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10. That man is called a (true) tridandin in whose mind these three, the control over his speech (vâgdanda), the control over his thoughts (manodanda), and the control over his body (kâyadanda), are firmly fixed.

11. That man who keeps this threefold control (over himself) with respect to all created beings and wholly subdues desire and wrath, thereby assuredly gains complete success.

12. Him who impels this (corporeal) Self to action, they call the Kshetraa (the knower of the field); but him who does the acts, the wise name the Bhûtâtman (the Self consisting of the elements).

13. Another internal Self that is generated with all embodied (Kshetraas) is called Gîva, through which (the Kshetraa) becomes sensible of all pleasure and pain in (successive) births.


 


 

10. Usually an ascetic who wears three staves (danda) tied together, is called a tridandin. According to our verse this outward sign avails nothing. That man only deserves the name tridandin who keeps a threefold control (danda) over himself.

11. 'Complete success,' i. e. 'final liberation.'

12. 'This (corporeal) Self,' i. e. 'the body' (Medh., Gov., Kull.), or 'the gross visible body which includes the three sheaths' (Râgh., Nâr.). 'The Kshetraa (the knower of the field),' i. e. 'the individual Soul (Gîva),' (Medh. on verse 13, Nâr.), the Paramâtman (Nand.); Râgh. quotes, in explanation of the term 'the field,' Bhagavadgîtâ XIII, 5–6. 'The Bhûtâtman (the Self consisting of the elements),' i. e. 'the body which is composed of or a modification of the elements, i. e. of earth and so forth' (Medh., Gov., Kull., Râgh.), 'the Self which has the form of the non-sentient, the elements and so forth' (Nâr.), or ' the Gîva' (Nand.).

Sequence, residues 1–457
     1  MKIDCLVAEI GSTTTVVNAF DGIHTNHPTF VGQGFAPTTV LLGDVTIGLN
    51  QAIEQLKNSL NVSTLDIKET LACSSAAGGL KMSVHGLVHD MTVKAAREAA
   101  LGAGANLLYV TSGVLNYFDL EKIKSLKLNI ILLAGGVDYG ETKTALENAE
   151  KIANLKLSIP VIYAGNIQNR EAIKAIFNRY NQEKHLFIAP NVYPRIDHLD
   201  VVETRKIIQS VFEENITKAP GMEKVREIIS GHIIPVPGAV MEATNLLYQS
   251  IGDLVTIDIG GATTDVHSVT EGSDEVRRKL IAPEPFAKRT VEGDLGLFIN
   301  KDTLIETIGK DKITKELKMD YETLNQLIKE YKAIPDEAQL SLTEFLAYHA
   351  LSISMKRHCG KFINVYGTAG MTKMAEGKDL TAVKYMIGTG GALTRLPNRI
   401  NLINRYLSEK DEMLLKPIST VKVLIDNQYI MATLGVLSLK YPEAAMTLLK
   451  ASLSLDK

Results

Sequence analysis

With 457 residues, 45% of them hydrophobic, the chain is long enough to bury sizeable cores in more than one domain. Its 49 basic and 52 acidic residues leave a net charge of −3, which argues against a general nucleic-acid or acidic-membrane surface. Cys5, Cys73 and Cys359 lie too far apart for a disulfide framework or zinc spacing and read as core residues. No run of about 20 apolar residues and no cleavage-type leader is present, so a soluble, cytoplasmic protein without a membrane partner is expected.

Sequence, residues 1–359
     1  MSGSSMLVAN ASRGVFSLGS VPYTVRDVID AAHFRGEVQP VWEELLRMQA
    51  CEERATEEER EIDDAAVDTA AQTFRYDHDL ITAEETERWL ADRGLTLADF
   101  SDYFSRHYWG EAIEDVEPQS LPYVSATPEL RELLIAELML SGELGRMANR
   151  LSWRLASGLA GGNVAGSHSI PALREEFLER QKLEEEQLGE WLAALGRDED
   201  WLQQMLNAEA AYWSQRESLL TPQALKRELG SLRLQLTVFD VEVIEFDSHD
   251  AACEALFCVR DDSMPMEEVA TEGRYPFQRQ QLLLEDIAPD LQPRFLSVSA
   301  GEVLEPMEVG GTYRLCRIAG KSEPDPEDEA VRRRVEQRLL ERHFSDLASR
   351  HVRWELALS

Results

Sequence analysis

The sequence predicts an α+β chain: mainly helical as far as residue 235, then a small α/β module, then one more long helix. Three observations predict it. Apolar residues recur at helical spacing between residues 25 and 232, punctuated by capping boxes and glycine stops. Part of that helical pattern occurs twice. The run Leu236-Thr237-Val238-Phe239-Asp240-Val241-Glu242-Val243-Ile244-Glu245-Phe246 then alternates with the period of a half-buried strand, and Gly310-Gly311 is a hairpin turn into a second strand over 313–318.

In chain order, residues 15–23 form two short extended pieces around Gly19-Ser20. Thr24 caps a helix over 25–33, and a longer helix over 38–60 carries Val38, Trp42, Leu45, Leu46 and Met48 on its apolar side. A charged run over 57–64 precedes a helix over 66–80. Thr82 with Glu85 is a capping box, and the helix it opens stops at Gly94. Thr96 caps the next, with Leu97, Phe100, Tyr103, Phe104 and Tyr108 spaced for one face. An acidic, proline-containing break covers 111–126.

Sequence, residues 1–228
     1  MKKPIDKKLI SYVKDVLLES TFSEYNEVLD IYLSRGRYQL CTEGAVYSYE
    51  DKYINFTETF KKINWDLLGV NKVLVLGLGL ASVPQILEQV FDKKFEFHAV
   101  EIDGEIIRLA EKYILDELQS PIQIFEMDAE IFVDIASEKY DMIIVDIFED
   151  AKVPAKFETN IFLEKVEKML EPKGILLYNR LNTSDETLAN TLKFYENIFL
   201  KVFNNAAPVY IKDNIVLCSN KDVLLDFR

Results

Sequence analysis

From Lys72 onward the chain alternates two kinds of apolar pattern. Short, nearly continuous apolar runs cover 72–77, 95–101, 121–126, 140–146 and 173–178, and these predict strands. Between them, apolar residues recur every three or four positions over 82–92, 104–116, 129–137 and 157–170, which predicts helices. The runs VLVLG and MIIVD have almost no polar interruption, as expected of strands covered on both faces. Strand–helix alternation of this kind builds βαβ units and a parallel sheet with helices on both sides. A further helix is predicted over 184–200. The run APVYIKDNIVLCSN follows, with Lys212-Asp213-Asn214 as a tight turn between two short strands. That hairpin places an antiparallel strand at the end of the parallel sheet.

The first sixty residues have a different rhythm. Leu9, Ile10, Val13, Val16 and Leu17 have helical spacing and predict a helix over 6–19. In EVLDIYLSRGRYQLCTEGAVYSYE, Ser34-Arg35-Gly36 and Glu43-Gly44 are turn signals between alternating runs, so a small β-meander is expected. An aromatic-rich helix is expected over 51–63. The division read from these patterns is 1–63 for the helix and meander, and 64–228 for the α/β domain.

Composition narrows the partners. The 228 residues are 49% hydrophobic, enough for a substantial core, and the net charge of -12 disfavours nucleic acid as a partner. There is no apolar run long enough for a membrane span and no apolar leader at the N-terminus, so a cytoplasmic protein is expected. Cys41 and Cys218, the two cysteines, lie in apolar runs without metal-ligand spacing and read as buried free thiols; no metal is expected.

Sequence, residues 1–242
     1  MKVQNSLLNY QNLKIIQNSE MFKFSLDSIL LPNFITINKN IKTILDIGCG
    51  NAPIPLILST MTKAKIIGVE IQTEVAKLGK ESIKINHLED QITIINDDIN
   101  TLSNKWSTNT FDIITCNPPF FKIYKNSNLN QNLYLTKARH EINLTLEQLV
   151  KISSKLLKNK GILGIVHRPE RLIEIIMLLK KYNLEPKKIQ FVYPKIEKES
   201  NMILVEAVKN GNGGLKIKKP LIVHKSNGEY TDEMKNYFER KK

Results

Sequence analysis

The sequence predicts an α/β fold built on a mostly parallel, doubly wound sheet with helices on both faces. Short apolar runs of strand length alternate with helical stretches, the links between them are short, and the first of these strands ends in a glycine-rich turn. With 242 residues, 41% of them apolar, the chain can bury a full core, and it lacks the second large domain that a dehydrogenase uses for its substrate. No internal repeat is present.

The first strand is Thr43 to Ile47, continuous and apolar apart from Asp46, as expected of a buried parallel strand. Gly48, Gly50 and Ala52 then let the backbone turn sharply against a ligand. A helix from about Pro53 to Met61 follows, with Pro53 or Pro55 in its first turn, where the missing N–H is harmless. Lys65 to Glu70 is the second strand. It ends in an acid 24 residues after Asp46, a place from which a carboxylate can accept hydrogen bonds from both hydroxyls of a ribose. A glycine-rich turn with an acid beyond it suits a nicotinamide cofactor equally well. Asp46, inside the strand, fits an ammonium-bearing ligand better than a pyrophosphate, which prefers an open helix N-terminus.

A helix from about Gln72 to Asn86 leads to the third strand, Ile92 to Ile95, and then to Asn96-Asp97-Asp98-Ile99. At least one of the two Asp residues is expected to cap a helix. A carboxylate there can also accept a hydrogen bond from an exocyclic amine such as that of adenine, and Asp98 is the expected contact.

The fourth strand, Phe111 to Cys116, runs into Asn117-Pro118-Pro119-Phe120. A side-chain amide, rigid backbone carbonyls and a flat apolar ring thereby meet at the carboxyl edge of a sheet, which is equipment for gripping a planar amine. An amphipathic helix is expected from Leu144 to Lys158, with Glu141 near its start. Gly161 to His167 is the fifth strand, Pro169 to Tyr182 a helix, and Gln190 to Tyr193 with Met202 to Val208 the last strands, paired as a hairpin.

13. According to Medh. 'some' understand by the term Gîva 'the subtile body (linga sarîra) which is overspread by Mahat, the Great One,' because the individual soul, which is usually called Gîva, has been mentioned in verse 12 under the appellation Kshetraa. He adds that 'others' explain Gîva by 'the internal organ, which has the form of mind, intelligence, and egoism.' The former view is adopted by Râgh., while Gov., who paraphrases Gîva by manah, 'the mind,' and Kull. as well as Nâr., who render it by 'Mahat,' 'the Great One or intelligence,' lean towards the second. Nand. says, 'gîvasamgñah means "he who fully knows the Gîvas," i. e. the omniscient.' Sahagah, 'that is generated with,' means according to Medh. and Gov. 'that is associated with until the period of destruction (pralaya) or until final liberation is obtained.'